There’s a growing body of scientific evidence that suggests the act of shaving your beard may be as effective as using a razor to trim it, and may even make you more attractive.
In a new study, scientists from New York University found that people who shaved their beard had a 15 percent higher attractiveness rating, which may be a sign that their facial hair has improved.
“We’ve known for years that shaving your facial hair can be as good as shaving your face, but it was very unclear how this would translate into an actual increase in your attractiveness rating,” said study co-author Yvonne A. Chaykowsky, a professor of psychology at NYU.
“We thought that shaving facial hair could increase your attractiveness by boosting your perception of your attractiveness, which could in turn lead to an increase in the amount of facial hair that you grow.”
The researchers also measured how people felt about their appearance, and found that those who shaved were rated as more attractive than those who did not.
“This study was designed to understand whether facial hair affects the attractiveness rating of people, or if facial hair does not affect the attractiveness of others,” Chay.
“The answer is yes, facial hair is a major factor.”
Chaykowski and her colleagues recruited about 1,000 adults to participate in the study.
All were randomly assigned to shave their facial hairs, with half of the participants shaving at home or at a salon and half at a barber shop.
The participants rated their attractiveness as “very attractive” to “slightly attractive” and “not at all attractive” on a 10-point scale.
“People who shave are perceived as being more attractive because their facial fur, which is the hair on the top of their head, appears more prominent,” Chai said.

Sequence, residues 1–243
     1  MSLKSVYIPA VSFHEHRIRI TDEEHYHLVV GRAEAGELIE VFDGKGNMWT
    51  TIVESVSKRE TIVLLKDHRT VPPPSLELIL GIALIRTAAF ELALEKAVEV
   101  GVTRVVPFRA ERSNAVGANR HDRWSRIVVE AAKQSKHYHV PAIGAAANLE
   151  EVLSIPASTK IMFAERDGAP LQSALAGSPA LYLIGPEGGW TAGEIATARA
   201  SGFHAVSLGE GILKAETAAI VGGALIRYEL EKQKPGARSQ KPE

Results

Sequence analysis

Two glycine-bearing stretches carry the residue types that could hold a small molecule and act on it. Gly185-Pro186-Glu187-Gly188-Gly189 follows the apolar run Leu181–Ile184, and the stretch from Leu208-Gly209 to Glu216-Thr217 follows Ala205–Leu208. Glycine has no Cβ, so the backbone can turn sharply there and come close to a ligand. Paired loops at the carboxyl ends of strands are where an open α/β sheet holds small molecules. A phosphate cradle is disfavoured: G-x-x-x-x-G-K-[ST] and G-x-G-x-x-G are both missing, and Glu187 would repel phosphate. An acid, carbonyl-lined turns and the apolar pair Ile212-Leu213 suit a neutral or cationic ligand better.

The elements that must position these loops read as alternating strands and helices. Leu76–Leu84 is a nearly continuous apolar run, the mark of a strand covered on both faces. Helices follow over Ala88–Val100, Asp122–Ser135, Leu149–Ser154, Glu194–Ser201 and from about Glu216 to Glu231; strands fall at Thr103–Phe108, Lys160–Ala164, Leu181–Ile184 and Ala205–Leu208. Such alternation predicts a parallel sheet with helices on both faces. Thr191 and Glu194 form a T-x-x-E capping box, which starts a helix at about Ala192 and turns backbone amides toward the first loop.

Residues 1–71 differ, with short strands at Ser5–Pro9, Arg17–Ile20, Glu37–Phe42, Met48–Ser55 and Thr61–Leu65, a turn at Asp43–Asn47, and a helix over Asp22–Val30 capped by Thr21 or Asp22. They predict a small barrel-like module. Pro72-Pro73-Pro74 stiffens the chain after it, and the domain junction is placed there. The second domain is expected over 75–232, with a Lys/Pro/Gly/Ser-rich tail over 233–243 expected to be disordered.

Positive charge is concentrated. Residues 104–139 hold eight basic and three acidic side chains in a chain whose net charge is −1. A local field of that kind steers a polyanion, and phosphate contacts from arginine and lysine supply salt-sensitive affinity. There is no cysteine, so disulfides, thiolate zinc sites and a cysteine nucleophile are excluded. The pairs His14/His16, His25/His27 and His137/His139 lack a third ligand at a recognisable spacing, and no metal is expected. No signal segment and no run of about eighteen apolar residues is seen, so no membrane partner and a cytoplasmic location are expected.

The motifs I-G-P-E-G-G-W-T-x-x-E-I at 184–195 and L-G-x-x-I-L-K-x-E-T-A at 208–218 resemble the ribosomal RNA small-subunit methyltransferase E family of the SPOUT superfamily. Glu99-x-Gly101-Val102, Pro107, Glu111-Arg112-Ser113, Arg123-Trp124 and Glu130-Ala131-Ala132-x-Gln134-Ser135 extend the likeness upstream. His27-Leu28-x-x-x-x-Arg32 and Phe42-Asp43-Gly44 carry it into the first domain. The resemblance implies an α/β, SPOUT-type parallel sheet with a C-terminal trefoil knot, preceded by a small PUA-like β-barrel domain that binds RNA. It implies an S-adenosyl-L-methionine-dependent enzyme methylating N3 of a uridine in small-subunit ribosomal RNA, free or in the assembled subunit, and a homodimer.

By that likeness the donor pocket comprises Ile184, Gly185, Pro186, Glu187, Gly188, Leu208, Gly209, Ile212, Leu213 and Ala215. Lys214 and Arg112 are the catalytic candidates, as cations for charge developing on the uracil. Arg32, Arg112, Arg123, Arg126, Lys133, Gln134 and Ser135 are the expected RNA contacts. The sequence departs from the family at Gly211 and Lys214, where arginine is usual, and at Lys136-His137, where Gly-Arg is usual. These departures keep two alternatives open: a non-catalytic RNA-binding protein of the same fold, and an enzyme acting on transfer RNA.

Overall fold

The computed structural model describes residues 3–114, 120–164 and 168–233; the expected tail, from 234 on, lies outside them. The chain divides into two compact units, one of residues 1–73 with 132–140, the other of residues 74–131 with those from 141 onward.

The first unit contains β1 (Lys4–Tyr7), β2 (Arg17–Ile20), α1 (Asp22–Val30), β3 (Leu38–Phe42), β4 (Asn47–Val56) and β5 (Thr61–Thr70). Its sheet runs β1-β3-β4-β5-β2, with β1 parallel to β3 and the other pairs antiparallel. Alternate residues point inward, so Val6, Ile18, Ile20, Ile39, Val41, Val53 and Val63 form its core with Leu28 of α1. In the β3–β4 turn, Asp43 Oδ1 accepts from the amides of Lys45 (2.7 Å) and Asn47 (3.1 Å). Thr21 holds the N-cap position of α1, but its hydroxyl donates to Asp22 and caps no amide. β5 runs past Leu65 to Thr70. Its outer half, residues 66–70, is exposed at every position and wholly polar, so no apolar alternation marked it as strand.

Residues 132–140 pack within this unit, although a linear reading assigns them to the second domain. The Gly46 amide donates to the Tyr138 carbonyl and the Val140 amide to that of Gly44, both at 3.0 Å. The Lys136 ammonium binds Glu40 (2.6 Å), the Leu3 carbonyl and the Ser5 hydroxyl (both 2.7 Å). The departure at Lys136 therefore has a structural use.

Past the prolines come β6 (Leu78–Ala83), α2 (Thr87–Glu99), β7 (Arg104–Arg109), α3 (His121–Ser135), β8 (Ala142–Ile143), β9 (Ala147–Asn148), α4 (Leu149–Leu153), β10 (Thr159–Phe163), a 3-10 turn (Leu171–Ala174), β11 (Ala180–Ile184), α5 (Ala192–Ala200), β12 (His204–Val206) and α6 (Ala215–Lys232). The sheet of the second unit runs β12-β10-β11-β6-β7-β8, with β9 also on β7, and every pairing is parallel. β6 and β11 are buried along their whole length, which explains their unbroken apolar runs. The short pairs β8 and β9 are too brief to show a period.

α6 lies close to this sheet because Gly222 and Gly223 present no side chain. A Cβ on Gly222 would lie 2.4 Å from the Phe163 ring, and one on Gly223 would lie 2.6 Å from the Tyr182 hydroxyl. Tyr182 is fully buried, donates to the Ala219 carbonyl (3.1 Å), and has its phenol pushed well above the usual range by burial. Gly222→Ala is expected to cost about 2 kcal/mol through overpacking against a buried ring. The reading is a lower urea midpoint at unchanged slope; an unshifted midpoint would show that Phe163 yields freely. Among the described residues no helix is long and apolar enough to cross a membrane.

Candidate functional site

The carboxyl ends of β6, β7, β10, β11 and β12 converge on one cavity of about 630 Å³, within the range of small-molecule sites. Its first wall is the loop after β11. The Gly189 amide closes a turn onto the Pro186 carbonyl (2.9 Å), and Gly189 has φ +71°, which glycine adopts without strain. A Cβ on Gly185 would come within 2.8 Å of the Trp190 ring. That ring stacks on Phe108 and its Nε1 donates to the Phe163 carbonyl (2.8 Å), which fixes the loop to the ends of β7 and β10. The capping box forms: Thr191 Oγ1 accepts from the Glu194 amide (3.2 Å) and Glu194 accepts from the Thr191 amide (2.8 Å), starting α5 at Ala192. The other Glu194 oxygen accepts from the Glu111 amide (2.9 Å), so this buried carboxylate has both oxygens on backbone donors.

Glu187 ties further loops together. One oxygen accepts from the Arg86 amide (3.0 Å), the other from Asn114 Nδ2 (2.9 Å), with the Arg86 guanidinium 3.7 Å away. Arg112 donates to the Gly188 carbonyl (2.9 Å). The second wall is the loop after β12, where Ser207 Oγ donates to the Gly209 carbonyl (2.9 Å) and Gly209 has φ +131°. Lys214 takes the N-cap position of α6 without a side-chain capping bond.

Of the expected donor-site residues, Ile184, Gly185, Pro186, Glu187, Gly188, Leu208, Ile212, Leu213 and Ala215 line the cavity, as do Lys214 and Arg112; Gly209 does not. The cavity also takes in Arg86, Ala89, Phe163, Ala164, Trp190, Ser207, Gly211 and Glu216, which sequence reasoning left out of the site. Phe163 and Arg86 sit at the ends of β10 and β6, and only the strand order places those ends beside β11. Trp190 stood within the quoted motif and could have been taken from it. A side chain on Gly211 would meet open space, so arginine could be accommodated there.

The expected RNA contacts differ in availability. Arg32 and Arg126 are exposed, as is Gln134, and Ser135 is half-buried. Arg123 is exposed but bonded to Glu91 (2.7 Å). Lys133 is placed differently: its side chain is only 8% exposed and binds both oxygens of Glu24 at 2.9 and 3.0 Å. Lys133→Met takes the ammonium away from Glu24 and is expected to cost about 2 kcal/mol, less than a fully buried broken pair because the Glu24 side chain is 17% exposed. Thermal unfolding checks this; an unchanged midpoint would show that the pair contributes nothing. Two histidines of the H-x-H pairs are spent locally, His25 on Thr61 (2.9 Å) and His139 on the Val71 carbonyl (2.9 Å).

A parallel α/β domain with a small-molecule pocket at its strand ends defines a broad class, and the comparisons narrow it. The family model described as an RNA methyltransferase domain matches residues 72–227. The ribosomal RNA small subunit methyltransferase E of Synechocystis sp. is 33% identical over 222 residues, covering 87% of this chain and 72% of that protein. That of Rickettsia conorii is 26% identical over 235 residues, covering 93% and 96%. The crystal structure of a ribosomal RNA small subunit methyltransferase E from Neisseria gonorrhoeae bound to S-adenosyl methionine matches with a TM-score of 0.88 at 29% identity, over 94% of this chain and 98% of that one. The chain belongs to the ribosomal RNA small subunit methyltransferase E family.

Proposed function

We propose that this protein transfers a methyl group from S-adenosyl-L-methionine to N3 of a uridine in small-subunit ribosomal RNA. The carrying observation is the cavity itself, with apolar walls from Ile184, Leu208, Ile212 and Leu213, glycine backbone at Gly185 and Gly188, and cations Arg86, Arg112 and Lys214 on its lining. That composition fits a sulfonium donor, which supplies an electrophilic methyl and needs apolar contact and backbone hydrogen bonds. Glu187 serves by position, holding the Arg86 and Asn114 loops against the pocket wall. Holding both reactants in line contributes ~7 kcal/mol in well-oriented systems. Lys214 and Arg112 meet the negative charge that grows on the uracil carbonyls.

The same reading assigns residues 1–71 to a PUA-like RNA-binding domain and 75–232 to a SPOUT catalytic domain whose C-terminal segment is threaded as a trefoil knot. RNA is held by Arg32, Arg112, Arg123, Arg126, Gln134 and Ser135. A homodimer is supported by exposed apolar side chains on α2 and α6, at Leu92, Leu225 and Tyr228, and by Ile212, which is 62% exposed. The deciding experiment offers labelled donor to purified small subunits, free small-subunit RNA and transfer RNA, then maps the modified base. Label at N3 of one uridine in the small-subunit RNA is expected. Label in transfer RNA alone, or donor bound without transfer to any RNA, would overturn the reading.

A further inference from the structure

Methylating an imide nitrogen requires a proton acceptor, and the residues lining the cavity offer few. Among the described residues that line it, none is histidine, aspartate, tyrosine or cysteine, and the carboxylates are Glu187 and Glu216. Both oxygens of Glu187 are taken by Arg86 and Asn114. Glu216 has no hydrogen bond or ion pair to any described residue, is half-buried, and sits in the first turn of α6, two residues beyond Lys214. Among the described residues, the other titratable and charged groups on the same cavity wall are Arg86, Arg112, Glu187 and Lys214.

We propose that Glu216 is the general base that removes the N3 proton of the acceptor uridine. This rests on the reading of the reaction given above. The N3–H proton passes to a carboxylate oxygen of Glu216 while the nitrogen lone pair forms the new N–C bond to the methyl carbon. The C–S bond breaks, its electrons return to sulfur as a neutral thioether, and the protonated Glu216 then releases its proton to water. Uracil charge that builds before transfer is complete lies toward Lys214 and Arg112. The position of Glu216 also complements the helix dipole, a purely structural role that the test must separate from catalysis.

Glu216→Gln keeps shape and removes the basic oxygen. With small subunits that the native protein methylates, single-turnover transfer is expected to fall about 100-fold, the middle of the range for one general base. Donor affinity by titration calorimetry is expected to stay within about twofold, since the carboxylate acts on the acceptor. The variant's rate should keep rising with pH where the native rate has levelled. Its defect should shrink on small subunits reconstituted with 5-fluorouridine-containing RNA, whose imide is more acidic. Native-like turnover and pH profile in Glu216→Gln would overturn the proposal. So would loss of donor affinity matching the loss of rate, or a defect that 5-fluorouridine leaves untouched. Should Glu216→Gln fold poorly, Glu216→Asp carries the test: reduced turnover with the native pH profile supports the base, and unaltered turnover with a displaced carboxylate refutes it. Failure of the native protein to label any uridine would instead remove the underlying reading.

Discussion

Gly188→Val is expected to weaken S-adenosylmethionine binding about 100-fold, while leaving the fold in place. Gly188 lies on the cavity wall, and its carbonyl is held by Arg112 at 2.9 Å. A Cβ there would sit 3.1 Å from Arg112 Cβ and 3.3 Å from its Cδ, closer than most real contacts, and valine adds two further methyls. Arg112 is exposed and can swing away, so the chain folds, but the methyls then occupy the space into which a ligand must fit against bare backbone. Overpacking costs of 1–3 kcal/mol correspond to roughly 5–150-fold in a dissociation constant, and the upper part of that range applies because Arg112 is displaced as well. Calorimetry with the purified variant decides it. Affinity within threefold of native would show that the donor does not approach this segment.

“They also appear to be perceived as more confident, and more attractive, because they are more likely to be seen by other people.”
The study found that facial hair did not affect people’s attractiveness rating on the 10-item beauty scale, and that those with facial hair were judged as more sexually attractive.
“Our study found people with facial hairs on average rated themselves as more sexual attractive than people without facial hair,” Chays co-authors explained.
“This suggests that facial hairs may increase our attractiveness by enhancing our ability to detect others and make us more attractive.”
“The facial hair of men and women are linked to attractiveness, and the facial hair effect has been demonstrated in a variety of studies,” Chiykowsky said.
“However, we don’t know why facial hair increases our attractiveness, or whether it contributes to a greater sense of sexual attractiveness.”
The team also found that men and boys who shaved had a 20 percent higher average attractiveness rating than men and girls who did no shaving, which suggests that grooming your beard might actually help men and other men maintain a youthful appearance.
“These findings support the hypothesis that facial grooming may reduce the appearance of baldness,” Chais said.